President Biden on Friday declined to rule out Ukraine having to cede part of its territory to Russia in order to end Moscow’s more than three-month-old invasion.
“Does Ukraine have to cede territory to achieve peace?” a reporter asked Biden after his remarks on the May jobs report.
“From the beginning, I’ve said and I’ve been — not everyone’s agreed with me — nothing about Ukraine without Ukraine,” Biden began his answer. “It’s their territory. I’m not going to tell them what they should and shouldn’t do.
“But it appears to me that at some point along the line, there’s going to have to be a negotiated settlement here,” the president added. “And what that entails, I don’t know. I don’t think anybody knows at the time. But in the meantime, we’re gonna continue to put the Ukrainians in a position where they can defend themselves.”
Ukrainian President Volodymyr Zelensky said Thursday that Russian forces currently occupy roughly one-fifth of his country.
Russian President Vladimir Putin’s war objectives remain murky, but Biden claimed in February that Putin was attempting “re-establish the former Soviet Union” by seizing territory that Moscow once ruled.
Biden’s subordinates previously expressed an openness to Ukraine giving up land to placate Putin. For example, White House communications director Kate Bedingfield said in March that she would not “pre-judge” the matter.
But it’s unclear if Ukraine would actually agree to be carved up.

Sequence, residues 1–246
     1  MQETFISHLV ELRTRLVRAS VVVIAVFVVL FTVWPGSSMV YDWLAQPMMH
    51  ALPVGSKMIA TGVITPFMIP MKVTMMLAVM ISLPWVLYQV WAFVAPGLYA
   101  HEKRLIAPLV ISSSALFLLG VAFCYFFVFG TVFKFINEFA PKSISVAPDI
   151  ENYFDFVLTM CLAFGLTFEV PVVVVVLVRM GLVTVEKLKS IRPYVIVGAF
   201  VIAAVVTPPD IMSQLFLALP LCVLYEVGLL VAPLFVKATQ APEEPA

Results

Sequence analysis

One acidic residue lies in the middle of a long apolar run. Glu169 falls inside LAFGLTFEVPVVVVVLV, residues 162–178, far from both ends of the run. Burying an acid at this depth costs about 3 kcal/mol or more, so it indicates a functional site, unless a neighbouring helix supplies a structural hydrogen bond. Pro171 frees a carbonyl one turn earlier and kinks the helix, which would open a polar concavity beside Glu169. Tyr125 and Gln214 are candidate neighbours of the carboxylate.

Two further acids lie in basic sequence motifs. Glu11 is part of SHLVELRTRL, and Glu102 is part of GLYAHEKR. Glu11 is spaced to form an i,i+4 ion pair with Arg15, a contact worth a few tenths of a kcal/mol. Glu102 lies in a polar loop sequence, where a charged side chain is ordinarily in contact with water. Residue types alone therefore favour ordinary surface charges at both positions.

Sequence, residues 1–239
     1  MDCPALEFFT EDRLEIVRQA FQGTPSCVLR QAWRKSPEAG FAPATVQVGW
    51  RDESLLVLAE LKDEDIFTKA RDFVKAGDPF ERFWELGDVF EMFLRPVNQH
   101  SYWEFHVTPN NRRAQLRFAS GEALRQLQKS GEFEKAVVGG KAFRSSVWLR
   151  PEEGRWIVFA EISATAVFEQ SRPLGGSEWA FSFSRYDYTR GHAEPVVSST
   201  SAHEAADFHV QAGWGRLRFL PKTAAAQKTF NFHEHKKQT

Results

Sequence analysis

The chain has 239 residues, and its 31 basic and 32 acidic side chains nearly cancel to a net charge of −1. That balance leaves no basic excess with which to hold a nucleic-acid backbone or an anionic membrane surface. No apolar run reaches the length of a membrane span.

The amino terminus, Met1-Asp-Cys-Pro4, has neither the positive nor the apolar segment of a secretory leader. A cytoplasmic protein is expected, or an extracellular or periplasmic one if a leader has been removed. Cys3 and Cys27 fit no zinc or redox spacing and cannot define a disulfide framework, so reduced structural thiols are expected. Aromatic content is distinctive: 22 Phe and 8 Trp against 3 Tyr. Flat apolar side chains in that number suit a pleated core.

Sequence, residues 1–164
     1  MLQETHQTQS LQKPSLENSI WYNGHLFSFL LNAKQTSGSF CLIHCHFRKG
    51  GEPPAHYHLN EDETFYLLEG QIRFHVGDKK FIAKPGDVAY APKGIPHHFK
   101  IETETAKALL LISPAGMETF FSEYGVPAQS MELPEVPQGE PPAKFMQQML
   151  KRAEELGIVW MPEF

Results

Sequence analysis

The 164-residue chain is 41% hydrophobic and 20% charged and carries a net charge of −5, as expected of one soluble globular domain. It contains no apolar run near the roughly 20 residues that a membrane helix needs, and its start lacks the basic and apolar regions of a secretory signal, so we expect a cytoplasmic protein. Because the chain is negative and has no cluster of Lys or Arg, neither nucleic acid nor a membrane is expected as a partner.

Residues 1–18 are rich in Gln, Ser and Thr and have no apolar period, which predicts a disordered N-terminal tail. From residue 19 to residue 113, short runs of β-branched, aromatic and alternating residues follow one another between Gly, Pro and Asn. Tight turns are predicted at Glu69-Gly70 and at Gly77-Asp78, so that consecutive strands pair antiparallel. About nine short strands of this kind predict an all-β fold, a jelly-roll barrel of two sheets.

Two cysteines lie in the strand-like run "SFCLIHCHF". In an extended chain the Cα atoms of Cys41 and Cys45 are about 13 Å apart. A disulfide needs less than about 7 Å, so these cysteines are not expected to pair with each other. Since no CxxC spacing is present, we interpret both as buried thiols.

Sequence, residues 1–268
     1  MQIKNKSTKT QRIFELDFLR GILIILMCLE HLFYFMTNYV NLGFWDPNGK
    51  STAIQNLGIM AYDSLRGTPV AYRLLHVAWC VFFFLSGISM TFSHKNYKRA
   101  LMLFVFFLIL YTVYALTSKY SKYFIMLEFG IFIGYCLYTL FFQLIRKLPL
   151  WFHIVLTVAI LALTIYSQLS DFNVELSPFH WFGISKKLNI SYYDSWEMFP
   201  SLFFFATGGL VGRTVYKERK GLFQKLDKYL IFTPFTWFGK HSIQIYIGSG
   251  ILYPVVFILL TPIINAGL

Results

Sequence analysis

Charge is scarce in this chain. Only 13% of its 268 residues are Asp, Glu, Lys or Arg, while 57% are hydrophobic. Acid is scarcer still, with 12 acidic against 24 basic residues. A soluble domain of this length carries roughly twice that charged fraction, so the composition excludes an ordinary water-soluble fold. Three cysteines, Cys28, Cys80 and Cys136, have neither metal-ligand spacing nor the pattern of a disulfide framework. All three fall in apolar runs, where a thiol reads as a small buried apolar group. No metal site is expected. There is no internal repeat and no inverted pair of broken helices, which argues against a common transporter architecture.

“The territorial integrity of Ukraine should be guaranteed,” Zelensky said in March as Ukrainian troops successfully fought off a Russian attempt to seize the capital city of Kyiv. “That is, the conditions must be fair, for the Ukrainian people will not accept them otherwise.”
In an interview with Newsmax this week, Zelensky doubled down, saying: “We’re not ready to concede any of our territories, because our territories are our territories: It’s our independence, our sovereignty; that’s the issue.”
“If it’s all about ultimatums and, ‘You have to concede a third of your territory, we’ll leave you calm and we’ve leave you alive,’ this is not something we can agree on,” the Ukrainian leader added.
Although Biden has poured billions of dollars of US aid and military materiel into Ukraine, he’s often been at odds with the country’s pro-Western government.
Russia invaded on Feb. 24, about a month after Biden said at a press conference that the US would respond differently if Russia launched a “minor incursion” — a comment which horrified Ukrainian officials, one of whom told CNN at the time that “Putin senses weakness” and may take the comment as a a “green light” to attack.
Biden also reportedly irked Ukrainian officials in January, when he allegedly told Zelensky to brace for a “sack” of Kyiv. White House National Security Council spokesperson Emily Horne described the report as “completely false.” But Zelensky later said he rejected a US offer to fly him to safety with the remark: “The fight is here; I need ammunition, not a ride.”
Since 2014, Ukraine has fought a lower-intensity war against Russia-backed rebels in the Donetsk and Luhansk regions, which declared their independence from Kyiv after protesters toppled pro-Russian President Viktor Yanukovych.
The Obama administration, in contrast with the Biden administration, firmly ruled out Russian territorial expansion — generally referring to Russia’s annexation of Crimea following a disputed 2014 referendum as merely an attempted annexation.